It’s been just six months since the first case of COVID-19, the disease caused by the novel coronavirus SARS-CoV-2, was documented in China. In that time, the microscopic organism has infected over 1.3 million people around the world and brought the globe’s largest economies to the brink of recession.
As the disease COVID-19, which was officially declared a pandemic by the World Health Organization on March 11, spread across the world, scientists have scrambled to learn as much as they can about the new virus in hopes of developing vaccines and bring the outbreak under control.
Note: This daily recap of COVID-19 news from New Mexico is available in a free daily email. Sign up here. Gov. Michelle Lujan Grisham extended and expanded the state’s public health emergency over COVID-19. It includes closing liquor stores, automobile dealerships and payday lenders. Another change will also limit how many people can go into retail stores that remain open, including grocery stores. Read our story, with the details, here.Earlier, the Navajo Nation leadership wrote to the governors of New Mexico and Utah asking them to close liquor stores near the Navajo Nation, the Navajo Times reported.The state announced 62 new cases of COVID-19.
ByMarjorie Childress and Trip Jennings, New Mexico In Depth |
“As of today April 5th, the Pueblo of Zia has confirmed 11 Zia Tribal Members, potentially 20, infected by COVID-19(Coronavirus),” Acting Governor Floyd Toribio wrote Sunday in a memo to tribal members.
The state officially extended its public health emergency for COVID-19 until April 30, which included previous restrictions and added new restrictions, including limiting the occupancy at grocery stores and retail spaces deemed essential. Gov. Michelle Lujan Grisham signed an executive order renewing the public health emergency order on Monday. The state Department of Health also announced the new provisions of the public health emergency. She warned that if the new directions aren’t followed, she could enact further restrictions. The new provisions go into place beginning at 8 a.m. on Tuesday.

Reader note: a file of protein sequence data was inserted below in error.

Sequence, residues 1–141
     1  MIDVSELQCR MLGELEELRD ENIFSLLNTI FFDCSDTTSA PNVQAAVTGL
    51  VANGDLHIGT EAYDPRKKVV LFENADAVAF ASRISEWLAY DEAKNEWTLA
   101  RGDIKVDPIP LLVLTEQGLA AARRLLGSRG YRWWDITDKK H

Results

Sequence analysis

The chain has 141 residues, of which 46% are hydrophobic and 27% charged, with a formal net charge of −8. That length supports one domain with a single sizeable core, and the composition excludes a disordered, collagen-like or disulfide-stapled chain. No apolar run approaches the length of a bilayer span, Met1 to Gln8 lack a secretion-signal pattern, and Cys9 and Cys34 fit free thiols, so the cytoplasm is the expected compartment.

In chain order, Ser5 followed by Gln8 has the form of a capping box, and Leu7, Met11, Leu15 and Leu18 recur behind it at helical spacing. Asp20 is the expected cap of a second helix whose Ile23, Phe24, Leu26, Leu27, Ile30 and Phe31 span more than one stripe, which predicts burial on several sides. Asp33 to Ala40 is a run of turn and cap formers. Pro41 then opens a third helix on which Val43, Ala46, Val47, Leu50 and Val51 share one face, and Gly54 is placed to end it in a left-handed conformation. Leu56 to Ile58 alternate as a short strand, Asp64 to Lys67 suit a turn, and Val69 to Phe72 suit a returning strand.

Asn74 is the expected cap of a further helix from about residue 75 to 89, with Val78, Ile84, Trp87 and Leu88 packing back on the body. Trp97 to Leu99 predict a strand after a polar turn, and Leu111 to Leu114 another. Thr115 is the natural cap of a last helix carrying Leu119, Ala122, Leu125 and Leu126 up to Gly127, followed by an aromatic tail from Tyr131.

State health officials announced 62 new COVID-19 test positive cases Monday, raising the total to 686 for the state. The state Department of Health announcement on Monday includes three additional positive cases from La Vida Llena long-term care facility in Albuquerque, where one additional resident and two additional staff have now tested positive for the type of coronavirus. The amount of deaths related to COVID-19 in the state remains at 12. Per the state Department of Health, the most recent cases are:
16 new cases in Bernalillo County1 new case in Chaves County1 new case in Doña Ana County2 new cases in Grant County4 new cases in McKinley County25 new cases in San Juan County11 new cases in Sandoval County2 new cases in Santa Fe County
Including the above newly reported cases, New Mexico has now had a total of 686 positive tests for COVID-19:
ByYeganeh Torbati and Isaac Arnsdorf, ProPublica |
ProPublica is a Pulitzer Prize-winning investigative newsroom. Sign up for The Big Story newsletter to receive stories like this one in your inbox. Dire shortages of vital medical equipment in the Strategic National Stockpile that are now hampering the coronavirus response trace back to the budget wars of the Obama years, when congressional Republicans elected on the Tea Party wave forced the White House to accept sweeping cuts to federal spending. Among the victims of those partisan fights was the effort to keep adequate supplies of masks, ventilators, pharmaceuticals and other medical equipment on hand to respond to a public health crisis. Lawmakers in both parties raised the specter of shortchanging future disaster response even as they voted to approve the cuts.